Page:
Coast Guard reopens part of Mississippi River
Jackson: Shipping already curtailed because of flooding that is plaguing the Mississippi River was halted for much of Tuesday when officials closed the waterway north of New Orleans in the latest tough decision to try to reduce pressure on levees protecting cities and towns.
By late in the day, barges that haul coal, timber, iron, steel and more than half of America`s grain exports were allowed to pass, but at the slowest possible speed. Such interruptions could cost the U.S. economy hundreds of millions of dollars for each day the barges are idled, as the toll from the weeks-long flooding from Arkansas to Louisiana continues to mount.
Officials along a 15-mile stretch at Natchez, Miss., blocked vessels heading toward the Gulf of Mexico and others trying to return north after dropping off their freight. Had the channel remained closed, it could`ve brought traffic to a standstill on the river, a conduit for about 500 million tons of cargo each year.
Coast Guard officials said wakes generated by passing barge traffic could increase the strain on levees designed to hold back the river. Authorities were also concerned that barges could not operate safely in the flooded river, which has risen to the level of some docks and submerged others.
"We`re closely monitoring traffic along the river and all vessels must stay to the center of the river," Coast Guard Cmdr. Mark Moland said.
In Vidalia, La., across the river from Natchez, Carla Jenkins was near tears as she watched the first tows and barge move north after the reopening.
"The water from the wakes just keeps coming into our buildings. We`re going to have a lot more damage," said Jenkins, who owns Vidalia Dock and Storage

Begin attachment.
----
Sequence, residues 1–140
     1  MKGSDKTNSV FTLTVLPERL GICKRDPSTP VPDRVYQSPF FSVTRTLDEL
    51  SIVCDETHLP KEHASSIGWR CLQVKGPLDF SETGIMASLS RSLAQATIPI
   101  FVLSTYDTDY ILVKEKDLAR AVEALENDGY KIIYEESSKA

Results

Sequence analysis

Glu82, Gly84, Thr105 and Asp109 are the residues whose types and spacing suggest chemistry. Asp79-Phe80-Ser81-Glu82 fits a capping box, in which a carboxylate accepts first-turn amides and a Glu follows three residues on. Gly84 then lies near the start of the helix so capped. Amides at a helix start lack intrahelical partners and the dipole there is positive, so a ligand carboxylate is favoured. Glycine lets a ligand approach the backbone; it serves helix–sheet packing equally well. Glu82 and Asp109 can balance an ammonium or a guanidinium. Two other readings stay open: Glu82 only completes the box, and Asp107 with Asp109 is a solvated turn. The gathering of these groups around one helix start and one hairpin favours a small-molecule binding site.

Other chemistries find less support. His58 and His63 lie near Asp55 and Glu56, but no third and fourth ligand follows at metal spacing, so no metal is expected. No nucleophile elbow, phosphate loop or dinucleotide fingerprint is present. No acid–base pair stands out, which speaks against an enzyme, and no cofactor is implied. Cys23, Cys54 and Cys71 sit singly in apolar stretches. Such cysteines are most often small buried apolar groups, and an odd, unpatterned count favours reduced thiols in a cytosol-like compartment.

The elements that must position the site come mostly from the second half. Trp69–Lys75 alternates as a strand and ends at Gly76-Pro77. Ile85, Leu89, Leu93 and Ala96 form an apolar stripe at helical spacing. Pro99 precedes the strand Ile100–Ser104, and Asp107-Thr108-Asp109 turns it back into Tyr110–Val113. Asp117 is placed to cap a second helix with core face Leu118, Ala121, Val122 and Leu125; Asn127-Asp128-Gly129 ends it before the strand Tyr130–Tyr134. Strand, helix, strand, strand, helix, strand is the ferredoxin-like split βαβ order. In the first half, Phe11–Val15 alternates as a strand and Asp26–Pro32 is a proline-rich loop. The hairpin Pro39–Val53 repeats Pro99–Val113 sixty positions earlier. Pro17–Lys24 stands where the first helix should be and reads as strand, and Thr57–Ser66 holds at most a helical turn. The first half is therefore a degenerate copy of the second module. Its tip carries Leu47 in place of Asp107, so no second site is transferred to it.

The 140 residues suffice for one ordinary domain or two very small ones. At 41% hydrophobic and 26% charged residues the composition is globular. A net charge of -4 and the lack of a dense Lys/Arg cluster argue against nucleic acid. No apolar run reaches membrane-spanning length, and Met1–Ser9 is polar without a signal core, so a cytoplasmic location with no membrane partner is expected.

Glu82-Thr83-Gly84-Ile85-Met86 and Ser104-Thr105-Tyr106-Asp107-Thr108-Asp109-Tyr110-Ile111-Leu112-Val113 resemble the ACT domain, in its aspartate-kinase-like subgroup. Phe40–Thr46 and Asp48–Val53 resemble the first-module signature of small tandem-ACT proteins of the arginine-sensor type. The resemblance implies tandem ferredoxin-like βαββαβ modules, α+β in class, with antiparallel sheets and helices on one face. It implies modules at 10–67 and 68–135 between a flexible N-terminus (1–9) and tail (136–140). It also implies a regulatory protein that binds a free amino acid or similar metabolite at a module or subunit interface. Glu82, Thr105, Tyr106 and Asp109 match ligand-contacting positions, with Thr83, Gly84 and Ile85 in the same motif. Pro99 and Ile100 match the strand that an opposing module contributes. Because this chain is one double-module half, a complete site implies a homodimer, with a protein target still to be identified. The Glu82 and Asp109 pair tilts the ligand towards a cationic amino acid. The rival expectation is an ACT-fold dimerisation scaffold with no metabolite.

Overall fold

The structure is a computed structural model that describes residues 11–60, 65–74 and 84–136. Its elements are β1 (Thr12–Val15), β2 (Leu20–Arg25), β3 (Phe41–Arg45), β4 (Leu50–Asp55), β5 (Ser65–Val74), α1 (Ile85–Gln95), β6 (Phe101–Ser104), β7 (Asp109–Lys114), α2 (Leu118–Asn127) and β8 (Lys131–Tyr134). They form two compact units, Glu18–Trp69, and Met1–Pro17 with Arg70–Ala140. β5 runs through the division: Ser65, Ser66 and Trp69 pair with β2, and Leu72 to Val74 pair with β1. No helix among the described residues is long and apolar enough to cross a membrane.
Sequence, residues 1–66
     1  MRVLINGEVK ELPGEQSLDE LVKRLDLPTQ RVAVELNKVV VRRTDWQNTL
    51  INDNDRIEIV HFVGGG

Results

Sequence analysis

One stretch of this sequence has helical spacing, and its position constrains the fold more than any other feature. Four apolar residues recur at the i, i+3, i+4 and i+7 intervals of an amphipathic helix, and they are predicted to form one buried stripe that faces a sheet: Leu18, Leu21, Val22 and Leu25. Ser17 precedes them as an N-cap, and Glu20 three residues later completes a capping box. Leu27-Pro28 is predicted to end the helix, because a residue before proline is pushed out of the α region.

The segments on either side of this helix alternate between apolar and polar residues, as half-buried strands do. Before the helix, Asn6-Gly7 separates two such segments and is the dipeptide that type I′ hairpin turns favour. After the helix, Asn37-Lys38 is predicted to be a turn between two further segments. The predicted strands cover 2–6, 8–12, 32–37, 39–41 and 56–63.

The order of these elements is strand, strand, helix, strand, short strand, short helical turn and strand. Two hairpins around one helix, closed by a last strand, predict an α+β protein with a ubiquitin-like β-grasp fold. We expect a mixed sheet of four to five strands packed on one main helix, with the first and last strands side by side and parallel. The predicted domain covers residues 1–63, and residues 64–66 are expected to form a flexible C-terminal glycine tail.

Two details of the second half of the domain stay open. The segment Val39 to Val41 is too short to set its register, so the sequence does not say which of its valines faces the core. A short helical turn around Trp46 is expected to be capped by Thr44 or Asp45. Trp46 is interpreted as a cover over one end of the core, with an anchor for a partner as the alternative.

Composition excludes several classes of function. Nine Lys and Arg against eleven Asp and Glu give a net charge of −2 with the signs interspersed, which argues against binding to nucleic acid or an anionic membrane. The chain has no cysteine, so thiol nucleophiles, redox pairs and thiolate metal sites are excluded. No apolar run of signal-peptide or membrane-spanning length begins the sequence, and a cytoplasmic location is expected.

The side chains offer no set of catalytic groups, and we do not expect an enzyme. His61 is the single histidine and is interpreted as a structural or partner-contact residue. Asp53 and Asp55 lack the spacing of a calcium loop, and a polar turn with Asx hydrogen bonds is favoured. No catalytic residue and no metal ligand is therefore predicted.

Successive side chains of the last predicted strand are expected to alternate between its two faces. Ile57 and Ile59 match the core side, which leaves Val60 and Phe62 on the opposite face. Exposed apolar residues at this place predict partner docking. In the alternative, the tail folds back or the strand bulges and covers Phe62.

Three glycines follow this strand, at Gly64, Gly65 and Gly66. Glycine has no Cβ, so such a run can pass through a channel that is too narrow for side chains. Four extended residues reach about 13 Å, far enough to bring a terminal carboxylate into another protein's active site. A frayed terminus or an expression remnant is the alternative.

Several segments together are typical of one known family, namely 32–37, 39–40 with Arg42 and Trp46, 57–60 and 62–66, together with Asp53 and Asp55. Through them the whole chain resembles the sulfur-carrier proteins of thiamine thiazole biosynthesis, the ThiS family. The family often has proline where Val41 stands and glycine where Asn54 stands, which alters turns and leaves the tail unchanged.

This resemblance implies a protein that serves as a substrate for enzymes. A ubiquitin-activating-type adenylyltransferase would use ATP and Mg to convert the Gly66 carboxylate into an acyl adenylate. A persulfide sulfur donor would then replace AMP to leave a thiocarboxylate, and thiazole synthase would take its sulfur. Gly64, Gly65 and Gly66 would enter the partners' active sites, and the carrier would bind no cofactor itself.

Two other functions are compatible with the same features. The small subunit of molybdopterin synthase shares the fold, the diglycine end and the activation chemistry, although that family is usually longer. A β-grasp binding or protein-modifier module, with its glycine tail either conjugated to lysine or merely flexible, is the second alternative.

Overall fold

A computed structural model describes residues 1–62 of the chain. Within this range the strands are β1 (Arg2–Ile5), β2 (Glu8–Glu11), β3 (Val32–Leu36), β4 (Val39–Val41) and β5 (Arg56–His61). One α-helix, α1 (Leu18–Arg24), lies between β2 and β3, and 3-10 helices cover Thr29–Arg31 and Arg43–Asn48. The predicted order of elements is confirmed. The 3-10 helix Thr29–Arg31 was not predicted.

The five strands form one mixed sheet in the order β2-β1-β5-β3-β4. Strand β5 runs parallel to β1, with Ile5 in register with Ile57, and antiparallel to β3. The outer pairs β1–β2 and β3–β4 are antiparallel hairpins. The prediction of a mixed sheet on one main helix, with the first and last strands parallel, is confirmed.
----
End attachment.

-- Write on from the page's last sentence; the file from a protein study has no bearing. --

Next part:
Moland said the Coast Guard tested wake impact before making the decision. The tests indicated sandbagging and other measures to protect most of the area could withstand the wakes if the vessels were ordered to move through the areas slowly.
The Mississippi is a highway for barges laden with corn, soybeans and other crops headed from the Midwest to ports near New Orleans, where they get loaded onto massive grain carriers for export around the world.
It`s not clear how long barges would only be able to move one at a time through the section. The river is expected to stay high in some places for weeks.
The Coast Guard did not have comprehensive figures on how many vessels were immediately affected, but the agency stopped at least 19 near Natchez.
In past closures, the numbers have grown quickly. In 2008, the agency halted 59 ships within a day of shutting down a stretch of the river near New Orleans because of a barge and tanker collision.
Shipping companies had hoped for a swift reopening.
On a typical day, 600 barges move up and down the river, according to Bob Anderson, spokesman for the Mississippi Valley Division of the Army Corps of Engineers. A single barge can carry as much cargo as 70 tractor-trailers or 17 rail cars.
"When it shuts, there`s really no alternative," said Jim Reed, president of the Illinois Corn Growers Association.
The Coast Guard`s traffic-management division hoped to prevent barges from piling up on either side of the closed zone by requiring them to be at least 1,200 feet apart.
Also Tuesday, at least 10 freight terminals along the lower Mississippi between Baton Rouge and New Orleans suspended operations because of high water. Vessels scheduled to use the terminals will either have to wait out the high water or divert elsewhere. Delaying a vessel by even a single day often costs $20,000 to $40,000, port officials said.
Throughout the spring, the Mississippi is a highway for barges laden with corn, soybeans and other crops headed from the Midwest to ports near New Orleans, where they get loaded onto massive grain carriers for export around the world.
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